Moving through… and into…

#Reverb11 Prompt: What did you let go of this year? Whom did you let go?

Moving for me has always meant shedding one self and birthing another. This year I left behind my closed heart and moved to a place where I’m able to be more open. I let go of who I’ve always thought I would be. I’m doing things that make me happy, instead of rich, or respected, or famous, or “secure.” I let go of new and perfect and made friends with mended and textured. I left behind wanting to be a poet, and embraced writing poetry.

If you do creative work, watch this video….

Confession Tuesday – Ant versus grasshopper version

I confess that I am suffering from a bit of autumn waywardness.

While others might find autumn as the time to feather their nests and sock in supplies for the long winter (looking at you ant), I have traditionally found autumn to be the time when I examine what I have and decide what could go (just like grasshopper fiddling through the fields). Over the years autumn has been the time for cross-country moves, drastic haircuts, and discarding lovers. This autumn I am finding my footsteps in a new place, but I find myself wandering…into the woods and away from the best-laid plans.

So, I spent almost two entire days this weekend reading fiction with no thought other than to be sucked into the story. I heartily recommend Erin Morgenstern’s book The Night Circus for just such transportation into a time not your own. In some ways, I felt like a little kid again, knowing that there was so much that I was supposed to be doing, but instead just hunkering down on the sofa and reading. (Whereas ant would have been sending out her poems to carefully chosen literary magazines or harvesting bits of brilliance from the book for use in her later work.)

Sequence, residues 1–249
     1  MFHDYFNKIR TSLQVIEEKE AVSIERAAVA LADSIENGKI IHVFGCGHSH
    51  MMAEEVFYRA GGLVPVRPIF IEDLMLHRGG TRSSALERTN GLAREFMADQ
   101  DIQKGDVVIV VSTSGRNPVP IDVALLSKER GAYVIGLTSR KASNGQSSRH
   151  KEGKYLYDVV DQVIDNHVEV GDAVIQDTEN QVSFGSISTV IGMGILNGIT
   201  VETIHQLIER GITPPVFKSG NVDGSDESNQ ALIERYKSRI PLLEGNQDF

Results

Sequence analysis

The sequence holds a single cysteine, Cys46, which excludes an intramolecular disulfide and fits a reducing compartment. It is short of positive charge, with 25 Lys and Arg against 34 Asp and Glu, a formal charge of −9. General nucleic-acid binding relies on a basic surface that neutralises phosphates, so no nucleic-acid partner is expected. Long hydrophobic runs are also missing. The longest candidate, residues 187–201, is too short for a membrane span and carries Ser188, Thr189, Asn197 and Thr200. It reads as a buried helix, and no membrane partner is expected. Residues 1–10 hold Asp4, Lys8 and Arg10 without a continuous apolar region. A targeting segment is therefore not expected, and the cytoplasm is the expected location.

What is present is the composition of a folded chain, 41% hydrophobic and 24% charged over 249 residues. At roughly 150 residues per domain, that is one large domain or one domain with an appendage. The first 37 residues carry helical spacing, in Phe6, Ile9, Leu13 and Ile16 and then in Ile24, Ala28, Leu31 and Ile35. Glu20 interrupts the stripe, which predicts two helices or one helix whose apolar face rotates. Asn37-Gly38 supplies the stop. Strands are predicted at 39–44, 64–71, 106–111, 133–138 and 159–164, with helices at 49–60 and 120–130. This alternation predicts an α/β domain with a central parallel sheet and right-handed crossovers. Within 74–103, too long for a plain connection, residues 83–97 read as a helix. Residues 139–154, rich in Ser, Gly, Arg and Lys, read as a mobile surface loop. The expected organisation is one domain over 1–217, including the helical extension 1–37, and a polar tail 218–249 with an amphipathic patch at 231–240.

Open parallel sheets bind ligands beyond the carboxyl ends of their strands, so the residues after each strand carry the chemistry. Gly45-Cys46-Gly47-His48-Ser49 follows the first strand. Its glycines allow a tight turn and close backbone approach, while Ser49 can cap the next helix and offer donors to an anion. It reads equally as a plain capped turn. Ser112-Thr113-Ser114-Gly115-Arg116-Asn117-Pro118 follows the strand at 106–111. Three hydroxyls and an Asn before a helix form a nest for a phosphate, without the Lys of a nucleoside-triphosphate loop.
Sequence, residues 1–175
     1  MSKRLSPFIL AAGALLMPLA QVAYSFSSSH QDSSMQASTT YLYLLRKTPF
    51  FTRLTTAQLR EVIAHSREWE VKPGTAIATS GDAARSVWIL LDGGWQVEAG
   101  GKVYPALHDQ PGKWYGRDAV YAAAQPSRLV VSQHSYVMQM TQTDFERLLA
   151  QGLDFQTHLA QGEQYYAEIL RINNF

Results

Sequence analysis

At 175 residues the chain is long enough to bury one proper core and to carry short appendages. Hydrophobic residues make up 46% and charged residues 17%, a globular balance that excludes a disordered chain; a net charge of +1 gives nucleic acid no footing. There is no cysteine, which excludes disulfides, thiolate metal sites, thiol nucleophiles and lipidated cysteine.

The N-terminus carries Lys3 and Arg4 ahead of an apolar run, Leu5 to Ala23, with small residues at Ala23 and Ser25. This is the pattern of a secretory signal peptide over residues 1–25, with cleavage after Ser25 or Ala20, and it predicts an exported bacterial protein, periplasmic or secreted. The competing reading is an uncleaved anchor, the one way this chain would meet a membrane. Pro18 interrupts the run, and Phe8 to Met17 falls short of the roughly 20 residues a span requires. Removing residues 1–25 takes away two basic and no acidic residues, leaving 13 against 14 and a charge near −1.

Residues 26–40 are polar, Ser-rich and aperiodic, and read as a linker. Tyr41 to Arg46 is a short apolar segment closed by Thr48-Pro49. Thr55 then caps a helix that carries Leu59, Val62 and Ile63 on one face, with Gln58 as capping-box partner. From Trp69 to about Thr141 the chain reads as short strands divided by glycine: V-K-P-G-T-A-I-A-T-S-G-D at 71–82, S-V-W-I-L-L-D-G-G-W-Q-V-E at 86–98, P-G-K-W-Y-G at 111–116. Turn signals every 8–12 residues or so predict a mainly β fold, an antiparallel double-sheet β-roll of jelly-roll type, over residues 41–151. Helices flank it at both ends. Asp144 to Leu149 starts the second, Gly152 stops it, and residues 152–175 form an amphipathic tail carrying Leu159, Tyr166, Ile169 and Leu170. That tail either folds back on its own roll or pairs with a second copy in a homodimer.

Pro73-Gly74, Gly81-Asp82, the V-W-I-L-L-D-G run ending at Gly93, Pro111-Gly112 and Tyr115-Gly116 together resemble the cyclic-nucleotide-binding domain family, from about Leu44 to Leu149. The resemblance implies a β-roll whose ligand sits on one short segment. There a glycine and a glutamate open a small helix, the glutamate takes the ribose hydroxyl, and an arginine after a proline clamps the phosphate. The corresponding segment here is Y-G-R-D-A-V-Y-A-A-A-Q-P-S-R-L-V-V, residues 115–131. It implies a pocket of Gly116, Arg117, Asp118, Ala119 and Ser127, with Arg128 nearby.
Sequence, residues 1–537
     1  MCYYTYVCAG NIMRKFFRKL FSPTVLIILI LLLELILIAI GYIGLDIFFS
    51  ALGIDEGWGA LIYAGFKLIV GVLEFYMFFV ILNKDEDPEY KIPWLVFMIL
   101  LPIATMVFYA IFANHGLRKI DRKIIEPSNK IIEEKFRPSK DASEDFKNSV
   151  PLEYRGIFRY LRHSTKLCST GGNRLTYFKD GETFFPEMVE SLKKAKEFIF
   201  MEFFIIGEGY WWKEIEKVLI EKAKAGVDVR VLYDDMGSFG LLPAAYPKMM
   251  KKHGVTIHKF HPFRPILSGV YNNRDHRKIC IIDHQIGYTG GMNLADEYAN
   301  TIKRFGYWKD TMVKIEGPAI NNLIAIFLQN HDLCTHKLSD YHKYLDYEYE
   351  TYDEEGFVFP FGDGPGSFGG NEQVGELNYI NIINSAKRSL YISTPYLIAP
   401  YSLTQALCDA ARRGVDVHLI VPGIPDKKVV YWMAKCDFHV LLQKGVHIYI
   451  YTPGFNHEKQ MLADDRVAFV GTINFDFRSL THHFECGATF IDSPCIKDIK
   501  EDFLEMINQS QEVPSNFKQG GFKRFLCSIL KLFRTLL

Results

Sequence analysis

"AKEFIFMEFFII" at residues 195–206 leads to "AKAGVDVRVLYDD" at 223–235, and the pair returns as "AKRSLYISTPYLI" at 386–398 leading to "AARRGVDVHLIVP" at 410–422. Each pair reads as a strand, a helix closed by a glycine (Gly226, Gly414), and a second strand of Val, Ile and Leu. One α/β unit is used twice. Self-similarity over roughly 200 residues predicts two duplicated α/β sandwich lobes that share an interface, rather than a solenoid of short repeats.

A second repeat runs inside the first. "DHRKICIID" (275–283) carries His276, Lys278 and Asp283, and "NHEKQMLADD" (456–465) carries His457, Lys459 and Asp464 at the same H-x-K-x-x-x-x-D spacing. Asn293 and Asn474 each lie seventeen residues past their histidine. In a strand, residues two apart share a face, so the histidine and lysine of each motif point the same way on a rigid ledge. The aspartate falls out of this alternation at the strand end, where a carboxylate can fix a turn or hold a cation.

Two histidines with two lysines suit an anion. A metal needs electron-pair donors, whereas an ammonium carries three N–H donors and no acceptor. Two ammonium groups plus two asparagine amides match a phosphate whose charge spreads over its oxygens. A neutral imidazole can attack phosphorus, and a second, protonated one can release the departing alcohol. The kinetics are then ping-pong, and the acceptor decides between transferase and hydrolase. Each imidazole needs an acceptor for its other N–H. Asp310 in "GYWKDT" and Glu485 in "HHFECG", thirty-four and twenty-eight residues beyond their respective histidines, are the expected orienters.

I was asked to submit a poem for an exhibit at our wonderful local museum. The title of the exhibit is “Who Has Lived Here?” At first I had planned to just submit a poem that I already had, but that felt like cheating, so I purchased a book about the communities who had lived around Kachemak Bay historically. What I thought would take just a few hours ended up taking a second trip to the library and lots of online research about a “lost” community  just across the bay from me. I confess that I loved the research more than I love the final poem, but at least it honestly feels like it might answer “Who Has Lived Here?” (Whereas ant would have just found a poem that fit pretty well and called it a day to move on to a more industrious task.)

Finally I confess that I’ve been wandering in the domain between art and craft. No, not poetry, but rather dyeing and stitching. There is something so gratifying about creating something from things harvested and scavenged. Where there was nothing but scraps, suddenly there is a story. It is the same sort of love that I have for poetry – what was only a blank page and an idea, is now rhythm, sound and image – story. (Whereas ant would be forcing herself to finish her chapbook, researching residencies, and industriously making connections in the publishing world.)

Snow is coming… forecast for next week as a matter of fact. So I guess that I better wander back to the nest and make sure that I’m ready! Is it too late for this grasshopper?